I would also hold that the "no corroboration" charge based on S.C.Code Ann. § 16-3-657 (1985) was reversible error. It is axiomatic that a trial judge must not indicate an opinion or express a view reasonably calculated to influence the jury in deciding a material issue of fact because such comment is forbidden by S.C. Const. art. V, § 21. State v. Simmons, 209 S.C. 531, 41 S.E.2d 217 (1947). Since the charge specified only that the victim's testimony need not be corroborated, it appears to express an opinion on her credibility. In State v. Bagwell, 201 S.C. 387, 23 S.E.2d 244 (1943), this Court rejected a similar "no corroboration charge" in the context of accomplice testimony. The law found in Section 16-3-657 should not be charged to the jury. S.C. Const. art. V, § 21.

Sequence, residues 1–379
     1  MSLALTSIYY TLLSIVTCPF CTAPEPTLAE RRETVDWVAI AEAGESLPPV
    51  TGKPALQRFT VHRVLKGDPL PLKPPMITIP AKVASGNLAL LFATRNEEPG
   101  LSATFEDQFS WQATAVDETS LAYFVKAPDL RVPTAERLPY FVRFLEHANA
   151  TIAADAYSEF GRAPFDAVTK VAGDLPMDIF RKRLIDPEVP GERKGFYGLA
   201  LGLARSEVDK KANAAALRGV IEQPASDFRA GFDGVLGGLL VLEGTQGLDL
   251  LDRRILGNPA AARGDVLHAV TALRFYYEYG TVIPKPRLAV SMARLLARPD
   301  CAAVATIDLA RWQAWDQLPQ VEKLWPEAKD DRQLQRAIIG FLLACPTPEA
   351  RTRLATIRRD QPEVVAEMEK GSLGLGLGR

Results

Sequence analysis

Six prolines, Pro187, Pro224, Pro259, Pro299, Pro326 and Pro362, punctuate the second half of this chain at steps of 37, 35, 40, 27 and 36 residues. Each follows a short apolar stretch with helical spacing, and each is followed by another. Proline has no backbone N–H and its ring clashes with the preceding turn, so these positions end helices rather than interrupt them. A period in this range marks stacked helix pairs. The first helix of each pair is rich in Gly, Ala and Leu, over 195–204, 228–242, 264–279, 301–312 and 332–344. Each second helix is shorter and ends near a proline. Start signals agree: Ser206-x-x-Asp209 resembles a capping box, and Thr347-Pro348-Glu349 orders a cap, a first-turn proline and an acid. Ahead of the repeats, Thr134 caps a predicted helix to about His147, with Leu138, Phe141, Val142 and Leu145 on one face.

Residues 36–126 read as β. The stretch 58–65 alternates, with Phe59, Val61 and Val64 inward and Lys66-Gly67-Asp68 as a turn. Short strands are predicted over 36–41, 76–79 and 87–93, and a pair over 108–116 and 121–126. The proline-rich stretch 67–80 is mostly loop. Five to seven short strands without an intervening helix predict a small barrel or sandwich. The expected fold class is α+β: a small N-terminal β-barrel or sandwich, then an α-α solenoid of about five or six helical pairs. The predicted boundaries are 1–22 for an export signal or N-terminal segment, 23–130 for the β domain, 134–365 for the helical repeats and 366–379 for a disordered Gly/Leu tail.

The majority does not discuss the propriety of the "no corroboration" charge itself, but instead holds that the jury charge as a whole did not constitute reversible error. I disagree. We have rejected such analysis in State v. Bagwell, supra. Further, the charge was especially prejudicial in this case because it was the victim's word against the defendant's. I would hold that the giving of this charge was reversible error. Accord, Cox v. State, 44 S.W. 157 (Tex.Crim.Ct.App.1898).


[1] State v. Bradley, 293 S.C. 526, 362 S.E.2d 19 (1987), and State v. Rogers, 293 S.C. 505, 362 S.E.2d 7 (1987), are also overruled to the extent they are inconsistent herewith.